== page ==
Jen Frantz

Pretty Lard



O mighty

bacon bit, heart-

shaped, as I

feared. I am in

service. I will

elaborate only

if you buy me

soap. Pretty



of loving

kindness: drool

me not. If I


in the car wash,

it would be for

one lard, and

one lard only—

a mass intact,

removed from

the studio audience,

a novel passenger.

I’m not

embarrassed, just

tidy. This time,

standing in line

has a laugh track.

Same joke about

the heart and

a tampon.

Everything is live

television, especially

the dogs. It is so

pretty when you’ve

laughed and exited,

when you hold the lard

up to the sun that

comes back. It’s so

pretty in the dog’s

mouth. So pretty,

so captured, in

your mouth, just

rolling, one lard

only, and the dog

is licking your

fingers, your face,

and it was so funny

to stand in line

and hear it again

as the audience

believed it like

a bark, like a sudden

and simultaneous

sound at the back

of our throats.

Compliments, really,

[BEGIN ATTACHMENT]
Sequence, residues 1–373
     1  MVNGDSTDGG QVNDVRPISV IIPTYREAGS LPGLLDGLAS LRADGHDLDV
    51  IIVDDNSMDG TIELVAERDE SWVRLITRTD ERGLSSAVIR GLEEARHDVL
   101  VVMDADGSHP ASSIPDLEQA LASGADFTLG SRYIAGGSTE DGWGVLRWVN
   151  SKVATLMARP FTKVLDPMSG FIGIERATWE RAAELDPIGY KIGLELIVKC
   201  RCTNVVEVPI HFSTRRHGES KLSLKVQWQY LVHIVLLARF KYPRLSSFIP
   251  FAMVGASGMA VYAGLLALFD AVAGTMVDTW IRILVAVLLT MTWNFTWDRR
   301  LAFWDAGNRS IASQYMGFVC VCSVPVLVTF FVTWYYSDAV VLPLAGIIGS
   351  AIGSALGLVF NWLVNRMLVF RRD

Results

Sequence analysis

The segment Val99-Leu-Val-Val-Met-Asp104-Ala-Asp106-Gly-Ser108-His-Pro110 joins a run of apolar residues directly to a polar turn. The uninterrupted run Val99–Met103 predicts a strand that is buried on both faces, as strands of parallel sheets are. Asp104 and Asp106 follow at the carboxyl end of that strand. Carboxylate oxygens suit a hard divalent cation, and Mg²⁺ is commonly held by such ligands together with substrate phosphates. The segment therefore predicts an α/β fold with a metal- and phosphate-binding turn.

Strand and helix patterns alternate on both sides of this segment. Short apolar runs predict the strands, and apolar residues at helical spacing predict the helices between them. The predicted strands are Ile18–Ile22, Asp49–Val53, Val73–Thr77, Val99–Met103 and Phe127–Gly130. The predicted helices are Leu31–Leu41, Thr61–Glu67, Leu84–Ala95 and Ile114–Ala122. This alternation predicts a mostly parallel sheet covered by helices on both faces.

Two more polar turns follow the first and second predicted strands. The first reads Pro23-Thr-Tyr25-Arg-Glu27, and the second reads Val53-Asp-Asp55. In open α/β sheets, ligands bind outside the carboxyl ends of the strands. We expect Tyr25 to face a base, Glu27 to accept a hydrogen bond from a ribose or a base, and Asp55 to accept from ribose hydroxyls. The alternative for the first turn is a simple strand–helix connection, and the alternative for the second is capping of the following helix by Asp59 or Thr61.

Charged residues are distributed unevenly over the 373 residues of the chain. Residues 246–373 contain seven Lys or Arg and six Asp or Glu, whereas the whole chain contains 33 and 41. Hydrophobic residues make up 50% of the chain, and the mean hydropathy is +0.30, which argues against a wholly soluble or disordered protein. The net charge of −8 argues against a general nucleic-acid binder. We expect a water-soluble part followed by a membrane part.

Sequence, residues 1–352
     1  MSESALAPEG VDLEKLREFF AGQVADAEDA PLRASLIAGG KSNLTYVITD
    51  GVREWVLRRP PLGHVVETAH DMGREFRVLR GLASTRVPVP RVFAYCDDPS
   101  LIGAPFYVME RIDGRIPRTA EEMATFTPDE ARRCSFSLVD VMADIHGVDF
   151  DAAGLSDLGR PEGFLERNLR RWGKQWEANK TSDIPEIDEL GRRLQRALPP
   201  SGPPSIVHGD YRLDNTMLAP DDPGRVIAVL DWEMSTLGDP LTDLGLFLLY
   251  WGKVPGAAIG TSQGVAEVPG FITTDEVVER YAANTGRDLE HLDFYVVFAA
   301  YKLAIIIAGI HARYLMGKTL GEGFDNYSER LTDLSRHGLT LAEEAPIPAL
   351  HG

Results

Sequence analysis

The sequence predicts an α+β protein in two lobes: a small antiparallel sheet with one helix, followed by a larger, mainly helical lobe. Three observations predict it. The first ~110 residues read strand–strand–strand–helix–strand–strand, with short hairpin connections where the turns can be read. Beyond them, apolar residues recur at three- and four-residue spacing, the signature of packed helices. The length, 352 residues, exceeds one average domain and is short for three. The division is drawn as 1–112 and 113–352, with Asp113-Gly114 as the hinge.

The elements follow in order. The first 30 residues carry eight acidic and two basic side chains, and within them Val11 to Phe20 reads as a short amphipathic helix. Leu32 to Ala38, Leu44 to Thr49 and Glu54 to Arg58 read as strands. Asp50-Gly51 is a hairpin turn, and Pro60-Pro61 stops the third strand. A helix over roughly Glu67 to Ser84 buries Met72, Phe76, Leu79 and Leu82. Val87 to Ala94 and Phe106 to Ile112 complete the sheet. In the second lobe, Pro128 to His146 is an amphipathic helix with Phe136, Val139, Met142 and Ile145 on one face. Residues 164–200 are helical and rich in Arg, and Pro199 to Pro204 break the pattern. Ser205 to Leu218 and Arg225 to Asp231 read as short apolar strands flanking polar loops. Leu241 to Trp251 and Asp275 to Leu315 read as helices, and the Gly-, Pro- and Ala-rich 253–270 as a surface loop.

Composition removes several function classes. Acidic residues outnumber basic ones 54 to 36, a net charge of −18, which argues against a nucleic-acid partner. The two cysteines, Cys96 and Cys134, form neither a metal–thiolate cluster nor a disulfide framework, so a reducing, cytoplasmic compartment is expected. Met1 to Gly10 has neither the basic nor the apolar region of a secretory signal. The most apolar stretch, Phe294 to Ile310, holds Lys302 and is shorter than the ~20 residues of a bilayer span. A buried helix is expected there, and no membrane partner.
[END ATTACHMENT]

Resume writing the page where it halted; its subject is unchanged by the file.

to the chef.

Rotten Landing



Fable me this:

the rock is

in the sky,


in the wishing

hour when I

open my

curtains and

aspire to be


alive during

the moon landing.

Surely the moon

needs a moon?

Like a honey.

“Good God!”

How I would

have fed a fish.

How I would

have changed

the pillow cases.

Awake and not

yet pointing it out.

Then, a flag and

a dust mote.

We don’t sit

down for the

myth anymore.

I will be born,

surely I would

have been

born, orbiting my


It’s too late

for memory,

although I, too,

thought the night

was flat,

beyond even

young touch.

Fable it rotten,

on camera, where

we cannot live, and

bring it down, like

a story I felt

later when I was

old enough to

consider my

career, where

I would land, and

if I should kneel.


JEN FRANTZ is a college dropout from Ohio. Her poems have been published in Prelude, Afternoon Visitor, and Sporklet, and are forthcoming in Washington Square Review. She will be attending the Iowa Writers’ Workshop in the fall.